On Friday, Dr. Salomon Melgen was found guilty of 67 counts of Medicare fraud. According to federal sentencing guidelines, he faces 15-20 years on prison.
In the end, Melgen’s defense consisted of arguments that he was a lousy and incompetent doctor, but not a fraudster. Given the choice, the jury went with fraud, although both could certainly be true.
Melgen will also be tried on bribery charges in New Jersey in September, along with Senator Robert Menendez (D-NJ). Of course, one way for Melgen to reduce his sentence in the Medicare case would be to testify against Menendez in the bribery case.
The bribery charges relate to Menendez’ attempts to derail the Medicare fraud investigation and for pushing a port security deal in the Dominican Republic that would have provided a windfall for Melgen. In return, the indictment alleges, Melgen provided Menendez with private jet ride rides, Dominican vacations, and donations to his legal defense fund.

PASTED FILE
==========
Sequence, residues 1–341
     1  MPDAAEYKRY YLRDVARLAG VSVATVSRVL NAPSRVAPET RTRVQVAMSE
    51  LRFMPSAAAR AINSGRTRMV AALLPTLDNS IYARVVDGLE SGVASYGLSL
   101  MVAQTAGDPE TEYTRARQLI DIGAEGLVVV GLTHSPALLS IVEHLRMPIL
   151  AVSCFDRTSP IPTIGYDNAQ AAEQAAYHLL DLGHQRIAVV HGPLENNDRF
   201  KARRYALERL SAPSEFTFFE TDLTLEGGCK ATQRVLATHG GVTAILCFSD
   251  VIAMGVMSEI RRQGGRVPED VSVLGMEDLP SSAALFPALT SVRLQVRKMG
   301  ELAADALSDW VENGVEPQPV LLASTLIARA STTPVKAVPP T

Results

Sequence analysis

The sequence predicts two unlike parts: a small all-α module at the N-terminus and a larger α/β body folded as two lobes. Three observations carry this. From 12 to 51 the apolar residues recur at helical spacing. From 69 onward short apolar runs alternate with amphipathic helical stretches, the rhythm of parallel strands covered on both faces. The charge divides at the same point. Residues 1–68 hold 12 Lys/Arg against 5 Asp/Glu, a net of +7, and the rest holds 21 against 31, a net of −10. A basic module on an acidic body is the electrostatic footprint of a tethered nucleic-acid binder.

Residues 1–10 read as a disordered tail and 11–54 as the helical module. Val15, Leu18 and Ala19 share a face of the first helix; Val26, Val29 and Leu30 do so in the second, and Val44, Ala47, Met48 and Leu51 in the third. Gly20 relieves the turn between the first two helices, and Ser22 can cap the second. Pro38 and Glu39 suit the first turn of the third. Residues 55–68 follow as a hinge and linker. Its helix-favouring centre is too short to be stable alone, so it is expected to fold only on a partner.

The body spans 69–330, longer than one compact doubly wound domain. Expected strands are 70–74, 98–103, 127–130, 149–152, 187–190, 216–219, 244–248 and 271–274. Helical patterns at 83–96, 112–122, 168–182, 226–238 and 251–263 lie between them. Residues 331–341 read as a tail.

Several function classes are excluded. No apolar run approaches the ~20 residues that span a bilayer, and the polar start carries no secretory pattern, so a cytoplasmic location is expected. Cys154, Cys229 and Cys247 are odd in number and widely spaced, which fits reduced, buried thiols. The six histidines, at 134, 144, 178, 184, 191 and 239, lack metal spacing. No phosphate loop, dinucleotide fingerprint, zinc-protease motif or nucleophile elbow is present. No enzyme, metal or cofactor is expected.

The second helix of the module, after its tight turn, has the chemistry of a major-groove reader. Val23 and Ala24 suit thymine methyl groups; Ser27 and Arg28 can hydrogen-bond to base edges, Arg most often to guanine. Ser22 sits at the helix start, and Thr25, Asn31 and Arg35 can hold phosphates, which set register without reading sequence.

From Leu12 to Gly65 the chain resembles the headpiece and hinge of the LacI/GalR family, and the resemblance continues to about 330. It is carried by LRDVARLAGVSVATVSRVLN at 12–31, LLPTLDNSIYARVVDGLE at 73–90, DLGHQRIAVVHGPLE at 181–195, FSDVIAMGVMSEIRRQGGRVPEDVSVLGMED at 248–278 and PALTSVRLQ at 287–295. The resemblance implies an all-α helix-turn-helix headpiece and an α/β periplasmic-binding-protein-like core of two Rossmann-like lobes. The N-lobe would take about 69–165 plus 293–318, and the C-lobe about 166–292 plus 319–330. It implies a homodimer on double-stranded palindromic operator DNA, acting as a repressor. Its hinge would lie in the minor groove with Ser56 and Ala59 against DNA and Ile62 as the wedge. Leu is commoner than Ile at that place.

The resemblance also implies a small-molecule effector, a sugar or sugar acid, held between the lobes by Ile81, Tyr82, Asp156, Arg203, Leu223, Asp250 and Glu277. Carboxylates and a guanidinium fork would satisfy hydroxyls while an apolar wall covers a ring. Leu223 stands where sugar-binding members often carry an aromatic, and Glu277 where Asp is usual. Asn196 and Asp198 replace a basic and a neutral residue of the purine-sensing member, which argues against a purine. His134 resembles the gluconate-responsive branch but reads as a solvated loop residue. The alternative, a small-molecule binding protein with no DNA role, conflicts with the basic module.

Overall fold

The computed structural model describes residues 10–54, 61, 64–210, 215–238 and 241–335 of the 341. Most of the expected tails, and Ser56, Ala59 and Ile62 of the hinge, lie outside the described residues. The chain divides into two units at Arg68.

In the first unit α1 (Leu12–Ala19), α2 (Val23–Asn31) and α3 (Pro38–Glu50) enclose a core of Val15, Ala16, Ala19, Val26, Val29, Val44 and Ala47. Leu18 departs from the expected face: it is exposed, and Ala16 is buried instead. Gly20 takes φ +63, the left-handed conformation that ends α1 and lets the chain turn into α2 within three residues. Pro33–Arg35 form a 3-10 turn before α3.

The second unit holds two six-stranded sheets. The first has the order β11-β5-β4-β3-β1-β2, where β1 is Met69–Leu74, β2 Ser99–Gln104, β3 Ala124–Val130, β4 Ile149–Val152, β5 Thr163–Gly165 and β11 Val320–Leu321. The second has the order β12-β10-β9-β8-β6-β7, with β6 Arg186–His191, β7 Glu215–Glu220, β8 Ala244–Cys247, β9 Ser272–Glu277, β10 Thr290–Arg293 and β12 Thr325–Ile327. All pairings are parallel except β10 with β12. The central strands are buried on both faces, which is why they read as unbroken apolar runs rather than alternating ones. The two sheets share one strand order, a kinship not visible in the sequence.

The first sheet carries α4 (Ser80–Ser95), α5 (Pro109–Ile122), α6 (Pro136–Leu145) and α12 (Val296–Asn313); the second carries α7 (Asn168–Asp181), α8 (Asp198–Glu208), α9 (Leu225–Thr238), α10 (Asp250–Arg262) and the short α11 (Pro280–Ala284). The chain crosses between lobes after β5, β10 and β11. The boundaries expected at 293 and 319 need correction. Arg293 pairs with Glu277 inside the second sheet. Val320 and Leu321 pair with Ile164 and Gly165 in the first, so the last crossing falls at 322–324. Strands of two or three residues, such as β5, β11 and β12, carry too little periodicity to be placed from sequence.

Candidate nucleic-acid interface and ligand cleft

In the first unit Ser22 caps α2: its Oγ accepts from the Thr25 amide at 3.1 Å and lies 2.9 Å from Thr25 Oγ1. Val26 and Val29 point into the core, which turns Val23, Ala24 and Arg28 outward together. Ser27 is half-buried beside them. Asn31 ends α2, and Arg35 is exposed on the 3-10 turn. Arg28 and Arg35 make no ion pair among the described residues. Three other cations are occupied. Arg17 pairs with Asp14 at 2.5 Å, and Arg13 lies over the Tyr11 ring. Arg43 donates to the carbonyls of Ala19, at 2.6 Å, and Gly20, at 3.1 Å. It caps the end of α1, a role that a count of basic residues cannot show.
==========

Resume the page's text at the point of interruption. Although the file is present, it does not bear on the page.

The port security deal was exposed by NLPC’s Tom Anderson through a front-page New York Times story on February 1, 2013. NLPC provided information to the Times on an exclusive basis, apparently prompting the federal criminal investigation.
Whether Melgen will turn on Menendez and whether Menendez is convicted have national implications. Should he leave office, New Jersey Governor Chris Christie, whose term ends on January 18, 2018, could appoint a replacement, including himself. Christie could also leave the seat open until the following November election.
Either way, it would have a profound impact on the Senate, where Republican hold 52 seats.
Menendez has arrogantly refused to resign and is raising money for a 2018 re-election campaign. So far, he has been an embarrassment for the national Democratic party, but he has done little real damage. That may be about to change.